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Is There Linux Code in SCO's UnixWare?
Thursday, August 14 2003 @ 12:05 AM EDT

Ever since the SCO story first broke, a lot of developers have expressed the opinion that if you looked under SCO's hood, you'd likely find some GPL code.

I recently saw a message posted on another site where someone mentioned a specific case where the evidence indicated to him this may indeed have happened. I contacted the writer, Roberto J. Dohnert, a programmer who is the CTO and head consultant for a consulting firm in NC, and whose name I recognized from other things he's written (he's the programmer who figured out that SCO had to be talking about SMP long before SCO told us) and asked him if he'd be willing to write for Groklaw exactly what he found and what his suspicions are.

He had pulled the datasheets for SCO UnixWare 7.1.3 and the datasheets for SuSE Enterprise Server 8, and he noticed that new device drivers in UnixWare matched UnitedLinux, version numbers and all. I asked him to elaborate. He graciously agreed. Here's what he did and what he found and what he suspects:

Comparing SuSE Linux Enterprise Server 8
with UnixWare 7.1.3

By Roberto J. Dohnert

"In July, my company was asked to do a comparison between UnixWare 7.1.3 and Red Hat Linux 9 and SuSE Linux Enterprise Server 8. The client was taking SCO's threat to heart and asked for the comparison in an effort to affect a migration to the UnixWare platform; they thought it was a safe way to dismiss any legal action that might have been directed at them by SCO.

"During the testing and performance evaluation, I discovered that while Red Hat Linux 9 and UnixWare 7.1.3 were as different as night and day, I found the performance ratio and feature set between UnixWare 7.1.3 and SuSE Linux Enterprise Server 8 disturbingly similar so I investigated further. The information I did gather was done through the use of datasheets available from the vendors websites. I was unable to do a source comparison because at this time I am not a Source Licensee by the SCO Group.

"The distributions used were UnixWare 7.1.3 Enterprise Edition and SuSE Linux Enterprise Server 8 (SLES 8) based on UnitedLinux. UnitedLinux is a direct offset of the SuSE Linux kernel and SuSE provides all the kernel packages. I found that several open source packages that are on UnixWare are also on SLES 8. The inclusion of such packages may seem commonplace to some but to me it struck me as odd in regards to the version numbers. The version numbers of all the packages are exactly the same. It struck me as odd because even in the Linux world, most distributions ship with different version numbers of software packages. Below is a detailed list of the packages:

"Java 1.3.1 -04
"CDR-Tools 1.11a21
"Samba 2.2.5
"Squid Proxy Server 2.4 Stable 7
"AFPS 4.0.25

"On Red Hat 9 the package list for some of the same software is:

"CDR-Tools 2.0
"Samba 2.27

"Higher versions of the software were available at the time SCO developed UnixWare 7.1.3. My question was, if SCO wishes to be known as cutting edge, why would they mimic the package list of UnitedLinux instead ? Another thing I found odd was the performance and feature set of kernel level functions. Anyone who uses a SuSE Linux distribution knows the difference between SuSE and other distributions of Linux, both in performance and functionality.

"An example would be APM and ACPI (Advanced Power Management) and (Advanced Configuration and Power Interface). Under SuSE Linux APM and ACPI are turned off by default, You have to enable these functions to activate in the boot process.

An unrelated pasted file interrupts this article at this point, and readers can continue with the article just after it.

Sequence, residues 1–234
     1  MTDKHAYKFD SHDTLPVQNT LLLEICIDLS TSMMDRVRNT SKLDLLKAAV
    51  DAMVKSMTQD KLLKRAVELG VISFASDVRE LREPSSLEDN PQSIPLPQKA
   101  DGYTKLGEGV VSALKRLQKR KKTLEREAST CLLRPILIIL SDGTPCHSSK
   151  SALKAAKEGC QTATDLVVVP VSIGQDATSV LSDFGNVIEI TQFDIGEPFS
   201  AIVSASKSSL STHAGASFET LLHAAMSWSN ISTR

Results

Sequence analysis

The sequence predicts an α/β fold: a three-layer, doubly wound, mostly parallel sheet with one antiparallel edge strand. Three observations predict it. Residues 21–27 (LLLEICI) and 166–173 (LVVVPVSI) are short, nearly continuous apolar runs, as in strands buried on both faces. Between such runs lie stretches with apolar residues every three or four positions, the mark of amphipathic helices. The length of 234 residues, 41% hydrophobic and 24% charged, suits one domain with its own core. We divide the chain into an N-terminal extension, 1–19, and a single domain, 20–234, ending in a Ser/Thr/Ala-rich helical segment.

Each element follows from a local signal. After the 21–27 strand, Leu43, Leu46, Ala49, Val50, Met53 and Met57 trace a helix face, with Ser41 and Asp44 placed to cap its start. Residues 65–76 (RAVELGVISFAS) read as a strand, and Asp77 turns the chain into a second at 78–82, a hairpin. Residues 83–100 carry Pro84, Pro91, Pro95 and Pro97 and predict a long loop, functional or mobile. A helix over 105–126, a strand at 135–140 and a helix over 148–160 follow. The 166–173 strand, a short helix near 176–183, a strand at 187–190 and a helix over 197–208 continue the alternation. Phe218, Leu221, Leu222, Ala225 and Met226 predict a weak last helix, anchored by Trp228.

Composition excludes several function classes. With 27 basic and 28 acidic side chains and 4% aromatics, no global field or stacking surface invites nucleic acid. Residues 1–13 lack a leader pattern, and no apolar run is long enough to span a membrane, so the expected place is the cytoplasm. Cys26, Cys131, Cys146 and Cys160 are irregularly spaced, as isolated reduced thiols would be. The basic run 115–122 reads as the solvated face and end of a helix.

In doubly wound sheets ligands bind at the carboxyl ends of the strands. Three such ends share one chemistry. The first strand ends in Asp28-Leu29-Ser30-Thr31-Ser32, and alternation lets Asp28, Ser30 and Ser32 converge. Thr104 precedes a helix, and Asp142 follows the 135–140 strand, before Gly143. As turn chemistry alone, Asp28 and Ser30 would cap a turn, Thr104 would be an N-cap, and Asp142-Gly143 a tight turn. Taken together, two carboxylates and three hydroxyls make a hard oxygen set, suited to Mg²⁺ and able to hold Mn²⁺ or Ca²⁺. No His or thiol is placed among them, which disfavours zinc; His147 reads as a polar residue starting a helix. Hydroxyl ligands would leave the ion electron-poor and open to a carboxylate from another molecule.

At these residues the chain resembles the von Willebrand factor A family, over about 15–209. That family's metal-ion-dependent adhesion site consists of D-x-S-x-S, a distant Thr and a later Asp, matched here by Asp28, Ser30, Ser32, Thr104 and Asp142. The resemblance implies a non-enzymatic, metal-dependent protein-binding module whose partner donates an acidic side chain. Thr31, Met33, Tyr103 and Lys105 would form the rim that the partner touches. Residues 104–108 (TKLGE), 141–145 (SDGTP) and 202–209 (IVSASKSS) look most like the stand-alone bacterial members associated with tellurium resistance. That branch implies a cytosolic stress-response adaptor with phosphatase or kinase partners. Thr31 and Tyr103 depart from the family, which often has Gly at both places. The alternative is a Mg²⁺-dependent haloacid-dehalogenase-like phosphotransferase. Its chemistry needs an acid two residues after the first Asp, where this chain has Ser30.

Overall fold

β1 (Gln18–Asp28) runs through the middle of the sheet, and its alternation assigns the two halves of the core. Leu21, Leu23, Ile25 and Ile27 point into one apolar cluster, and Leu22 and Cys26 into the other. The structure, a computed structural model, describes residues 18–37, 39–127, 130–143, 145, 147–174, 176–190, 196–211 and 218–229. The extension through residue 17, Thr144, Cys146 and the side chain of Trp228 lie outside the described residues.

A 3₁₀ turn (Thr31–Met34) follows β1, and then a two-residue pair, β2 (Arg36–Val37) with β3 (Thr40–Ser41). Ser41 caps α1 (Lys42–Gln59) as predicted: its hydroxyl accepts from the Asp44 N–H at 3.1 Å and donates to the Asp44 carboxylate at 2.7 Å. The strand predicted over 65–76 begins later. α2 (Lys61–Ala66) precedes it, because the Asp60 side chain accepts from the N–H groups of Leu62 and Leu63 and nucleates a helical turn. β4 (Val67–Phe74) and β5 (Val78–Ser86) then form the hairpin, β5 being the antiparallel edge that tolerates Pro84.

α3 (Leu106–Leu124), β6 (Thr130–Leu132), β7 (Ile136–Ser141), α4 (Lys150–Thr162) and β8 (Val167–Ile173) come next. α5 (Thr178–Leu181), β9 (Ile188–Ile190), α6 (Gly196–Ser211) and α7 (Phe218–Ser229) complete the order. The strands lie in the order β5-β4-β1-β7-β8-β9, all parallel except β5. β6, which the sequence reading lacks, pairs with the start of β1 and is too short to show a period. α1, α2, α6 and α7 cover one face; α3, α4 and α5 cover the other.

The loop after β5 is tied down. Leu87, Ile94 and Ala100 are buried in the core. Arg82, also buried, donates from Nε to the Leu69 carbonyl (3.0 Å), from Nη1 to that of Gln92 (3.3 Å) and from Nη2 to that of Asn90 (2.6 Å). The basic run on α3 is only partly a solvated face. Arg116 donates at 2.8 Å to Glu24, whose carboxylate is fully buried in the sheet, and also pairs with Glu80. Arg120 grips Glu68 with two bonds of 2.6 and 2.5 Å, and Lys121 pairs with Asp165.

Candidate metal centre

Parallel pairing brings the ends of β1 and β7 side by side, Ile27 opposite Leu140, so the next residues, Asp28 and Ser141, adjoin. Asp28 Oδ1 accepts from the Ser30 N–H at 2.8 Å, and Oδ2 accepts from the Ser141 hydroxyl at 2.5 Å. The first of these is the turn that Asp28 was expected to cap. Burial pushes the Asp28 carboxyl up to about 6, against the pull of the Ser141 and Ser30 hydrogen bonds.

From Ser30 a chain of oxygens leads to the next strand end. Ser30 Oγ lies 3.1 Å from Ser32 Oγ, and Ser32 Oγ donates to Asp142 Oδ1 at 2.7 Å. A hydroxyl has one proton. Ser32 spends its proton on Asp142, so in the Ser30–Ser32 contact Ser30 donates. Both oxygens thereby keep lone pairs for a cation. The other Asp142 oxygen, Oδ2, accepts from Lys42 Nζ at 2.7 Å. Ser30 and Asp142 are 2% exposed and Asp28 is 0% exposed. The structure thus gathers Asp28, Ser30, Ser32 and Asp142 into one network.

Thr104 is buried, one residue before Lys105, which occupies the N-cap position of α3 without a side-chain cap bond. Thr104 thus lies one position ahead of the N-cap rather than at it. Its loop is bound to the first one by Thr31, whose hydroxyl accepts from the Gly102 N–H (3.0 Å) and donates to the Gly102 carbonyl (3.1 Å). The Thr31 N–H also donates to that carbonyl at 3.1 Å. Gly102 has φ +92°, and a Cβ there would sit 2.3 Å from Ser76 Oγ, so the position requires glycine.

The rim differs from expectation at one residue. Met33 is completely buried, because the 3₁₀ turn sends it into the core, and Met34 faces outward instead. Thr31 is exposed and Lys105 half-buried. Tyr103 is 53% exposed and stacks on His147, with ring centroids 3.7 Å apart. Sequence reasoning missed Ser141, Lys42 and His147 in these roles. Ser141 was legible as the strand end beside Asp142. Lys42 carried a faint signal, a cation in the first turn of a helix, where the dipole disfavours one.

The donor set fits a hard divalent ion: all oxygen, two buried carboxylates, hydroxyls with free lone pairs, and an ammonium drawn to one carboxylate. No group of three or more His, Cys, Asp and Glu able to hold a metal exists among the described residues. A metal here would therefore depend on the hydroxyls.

"On one of my test machines, a Dell PowerEdge Server, I have to enable APM and ACPI or else 30 minutes into a session the machine locks up. With Red Hat 9 they are turned on by default. With UnixWare 7.1.3, I have to enable these functions to activate in the boot process same as with SuSE or the same result occurs. UnixWare before version 7.1.3 had no, or was lacking, device support for many devices. Upon the new release, it has many new drivers for both USB 1 and USB 2, support for the Xeon processor, PCI-X support, HotPlug PCI, Memory. I have noticed USB devices that don't work with SLES 8, do not work with UnixWare 7.1.3, but under Red Hat Linux they work flawlessly. Also, many of the new device drivers have been working in Linux long before they were available for UnixWare.

"These device drivers were not available on UnixWare until SCO joined UnitedLinux. Many of the quirks that SLES 8 has can be found in UnixWare. SCO has long claimed that UnixWare can scale up to as high as 64 CPU's yet they officially support up to 8 CPU's. The only major difference is the desktops; UnixWare still uses CDE and Panorama while SuSE uses KDE.

"It is my belief and opinion that SCO has indeed borrowed engineering concepts and methods from their association with UnitedLinux. Many of these new features and the remarkable similarity with SLES 8 did not occur until after they started to participate in UnitedLinux and since these features were available to SuSE customers before SCO's involvement I am inclined to believe that SCO's engineering team has been influenced or tainted by the Linux development process. I cannot say if UnixWare 7.1.3 or SLES 8 share common code; as I said I am not a source licensee. I feel these issues need to be investigated further."

If Roberto is right, and an investigation showed common code, then UnixWare 7.1.3 just joined the free world and is now GPLd, and we'd have SCO to thank. Ah! Sweet irony! It just couldn't get any sweeter than that. And the beauty part about lawsuits is: you get to do an investigation. Now, SCO, what was it you were saying about stolen concepts and methods?

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